Chemical Mystery #16: A Red, White, and Blue Chemistry Trick for You!

Red, White, and Blue

Another school year has come and gone, and summertime is upon us! Soon we’ll all be enjoying cookouts, summer conferences (ChemEd 2019, anyone?), swimming at the beach, and fireworks on the Fourth of July.

Speaking of the Fourth, I thought I’d share a color-changing “Chemical Mystery” that displays a summertime/Fourth of July theme. The chemistry involved is relatively simple, but how the trick is carried out allows for a wide variety of interesting possibilities. Watch the demonstration in Video 1 below.  I’ll share the solution with you after a few days. Happy summer, and I hope to see you at ChemEd in Naperville!

Video 1: Tommy Technetium YouTube Channel, Published 6/7/19 (accessed 6/7/19)

Check out the !

Safety

General Safety

For Laboratory Work: Please refer to the ACS .  

For Demonstrations: Please refer to the ACS Division of Chemical Education .

Other Safety resources

: Recognize hazards; Assess the risks of hazards; Minimize the risks of hazards; Prepare for emergencies

 

NGSS

Constructing explanations and designing solutions in 9–12 builds on K–8 experiences and progresses to explanations and designs that are supported by multiple and independent student-generated sources of evidence consistent with scientific ideas, principles, and theories.

Summary:

Constructing explanations and designing solutions in 9–12 builds on K–8 experiences and progresses to explanations and designs that are supported by multiple and independent student-generated sources of evidence consistent with scientific ideas, principles, and theories. Construct and revise an explanation based on valid and reliable evidence obtained from a variety of sources (including students’ own investigations, models, theories, simulations, peer review) and the assumption that theories and laws that describe the natural world operate today as they did in the past and will continue to do so in the future.

Assessment Boundary:
Clarification:

Constructing explanations and designing solutions in 9–12 builds on K–8 experiences and progresses to explanations and designs that are supported by multiple and independent student-generated sources of evidence consistent with scientific ideas, principles, and theories.

Summary:

Constructing explanations and designing solutions in 9–12 builds on K–8 experiences and progresses to explanations and designs that are supported by multiple and independent student-generated sources of evidence consistent with scientific ideas, principles, and theories. Construct and revise an explanation based on valid and reliable evidence obtained from a variety of sources (including students’ own investigations, models, theories, simulations, peer review) and the assumption that theories and laws that describe the natural world operate today as they did in the past and will continue to do so in the future.

Assessment Boundary:
Clarification:

Students who demonstrate understanding can construct and revise an explanation for the outcome of a simple chemical reaction based on the outermost electron states of atoms, trends in the periodic table, and knowledge of the patterns of chemical properties.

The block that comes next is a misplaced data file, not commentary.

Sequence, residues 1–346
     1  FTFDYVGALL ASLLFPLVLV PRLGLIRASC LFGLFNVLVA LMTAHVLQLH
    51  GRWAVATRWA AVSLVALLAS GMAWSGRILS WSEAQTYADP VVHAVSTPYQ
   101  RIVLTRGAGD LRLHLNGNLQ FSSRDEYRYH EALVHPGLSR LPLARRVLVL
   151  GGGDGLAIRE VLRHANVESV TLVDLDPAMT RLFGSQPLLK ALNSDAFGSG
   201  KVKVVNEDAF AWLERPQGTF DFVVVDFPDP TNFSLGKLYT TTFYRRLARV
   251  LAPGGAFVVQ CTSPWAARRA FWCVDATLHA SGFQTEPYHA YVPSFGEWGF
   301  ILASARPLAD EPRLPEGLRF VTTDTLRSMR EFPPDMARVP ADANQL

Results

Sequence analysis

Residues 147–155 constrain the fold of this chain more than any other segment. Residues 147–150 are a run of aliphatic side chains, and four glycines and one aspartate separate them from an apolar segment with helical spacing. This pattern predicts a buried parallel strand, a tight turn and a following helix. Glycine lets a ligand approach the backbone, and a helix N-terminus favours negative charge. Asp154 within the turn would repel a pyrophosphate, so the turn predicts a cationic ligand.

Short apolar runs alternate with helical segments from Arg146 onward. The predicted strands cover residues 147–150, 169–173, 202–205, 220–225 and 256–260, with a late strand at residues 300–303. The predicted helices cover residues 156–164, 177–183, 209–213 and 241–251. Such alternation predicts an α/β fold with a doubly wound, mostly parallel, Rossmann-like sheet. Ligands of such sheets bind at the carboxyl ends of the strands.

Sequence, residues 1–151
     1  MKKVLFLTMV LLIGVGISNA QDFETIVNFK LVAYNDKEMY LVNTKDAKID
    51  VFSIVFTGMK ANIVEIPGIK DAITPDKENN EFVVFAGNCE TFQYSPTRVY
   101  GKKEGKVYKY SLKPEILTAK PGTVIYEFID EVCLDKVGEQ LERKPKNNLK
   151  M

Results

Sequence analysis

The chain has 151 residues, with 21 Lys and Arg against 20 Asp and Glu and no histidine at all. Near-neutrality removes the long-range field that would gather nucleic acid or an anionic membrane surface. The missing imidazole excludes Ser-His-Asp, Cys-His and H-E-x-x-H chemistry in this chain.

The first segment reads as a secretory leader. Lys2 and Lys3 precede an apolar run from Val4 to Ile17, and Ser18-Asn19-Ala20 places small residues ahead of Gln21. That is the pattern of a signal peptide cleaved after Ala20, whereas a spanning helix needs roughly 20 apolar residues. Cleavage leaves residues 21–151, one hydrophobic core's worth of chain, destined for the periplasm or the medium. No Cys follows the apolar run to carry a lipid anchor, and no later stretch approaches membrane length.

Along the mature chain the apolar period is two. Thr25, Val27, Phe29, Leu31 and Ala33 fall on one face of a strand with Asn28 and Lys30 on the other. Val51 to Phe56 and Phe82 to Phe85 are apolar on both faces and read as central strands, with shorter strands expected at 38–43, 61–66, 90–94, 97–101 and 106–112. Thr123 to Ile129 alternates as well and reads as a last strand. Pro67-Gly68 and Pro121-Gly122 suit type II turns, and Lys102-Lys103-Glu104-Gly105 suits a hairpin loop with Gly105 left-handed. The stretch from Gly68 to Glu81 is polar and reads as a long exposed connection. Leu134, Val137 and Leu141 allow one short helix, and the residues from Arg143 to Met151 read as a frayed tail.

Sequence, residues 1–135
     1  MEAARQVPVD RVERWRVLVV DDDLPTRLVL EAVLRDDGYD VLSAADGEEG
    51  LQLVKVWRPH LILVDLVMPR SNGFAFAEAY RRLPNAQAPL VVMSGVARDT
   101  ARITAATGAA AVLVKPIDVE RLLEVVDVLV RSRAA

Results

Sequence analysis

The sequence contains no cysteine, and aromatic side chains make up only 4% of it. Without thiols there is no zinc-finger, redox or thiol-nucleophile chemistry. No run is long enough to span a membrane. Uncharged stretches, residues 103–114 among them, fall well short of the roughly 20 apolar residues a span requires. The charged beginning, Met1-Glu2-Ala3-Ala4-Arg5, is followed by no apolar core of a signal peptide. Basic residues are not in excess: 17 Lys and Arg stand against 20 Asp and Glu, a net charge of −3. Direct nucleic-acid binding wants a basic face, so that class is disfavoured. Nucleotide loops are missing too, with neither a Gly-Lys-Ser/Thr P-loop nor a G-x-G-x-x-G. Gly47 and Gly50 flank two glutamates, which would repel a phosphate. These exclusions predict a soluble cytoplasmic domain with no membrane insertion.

*More information about all DCI for HS-PS1 can be found at  and further resources at .

Summary:

Students who demonstrate understanding can construct and revise an explanation for the outcome of a simple chemical reaction based on the outermost electron states of atoms, trends in the periodic table, and knowledge of the patterns of chemical properties.

Assessment Boundary:

Assessment is limited to chemical reactions involving main group elements and combustion reactions.

Clarification:

Examples of chemical reactions could include the reaction of sodium and chlorine, of carbon and oxygen, or of carbon and hydrogen.

Join the conversation.

Comments 2

Flint Smith | Wed, 06/12/2019 - 19:01

The explanation my students would come up with first would be the simplest:  food-coloring hidden in the caps.  A tiny droplet, allowed to dry, would leave an easily-hidden, small black deposit that would match the color of the caps.  The dye would dissolve slowly, producing the gradual color change observed.

It doesn't match your keyword list though.  Given the pH/indicator hint, I think one bottle has CO2 gas in it, one air and one ammonia.  Shaking them dissolves the gasses, lowers the pH in the CO2 bottle and raises it in the NH3 bottle.

     NH3 + H2O <==> NH4+ + OH-    and        CO2 +H2O <==> HCO3- + H+ 

Congo Red! Red when basic, blue when acidic and colorless(?) between pH 3.1 and 4.9

Do the red one first.  The ammonia is less dense than air so the open lid is problematic.  Carbon dioxide will stay in the bottle happily.  Unscrew the caps from right to left, fill, then close them from left to right.  It would be nice to have a student randomize the caps but can't risk them smelling the ammonia.

Tom Kuntzleman's picture
Tom Kuntzleman | Thu, 06/13/2019 - 06:20

Hi Flint - great guesses - and great ideas, I might add. I think many combinations of chemical tricks are possible with this bottle/lid set up. I hadn't thought of having gases present in the bottles, but that's a great idea. You can see how I accomplished this particular trick . If you end up trying different combinations of solutions, substances in caps, and gases in bottles to achieve different effects, I'd love to hear what kinds of effects you can achieve.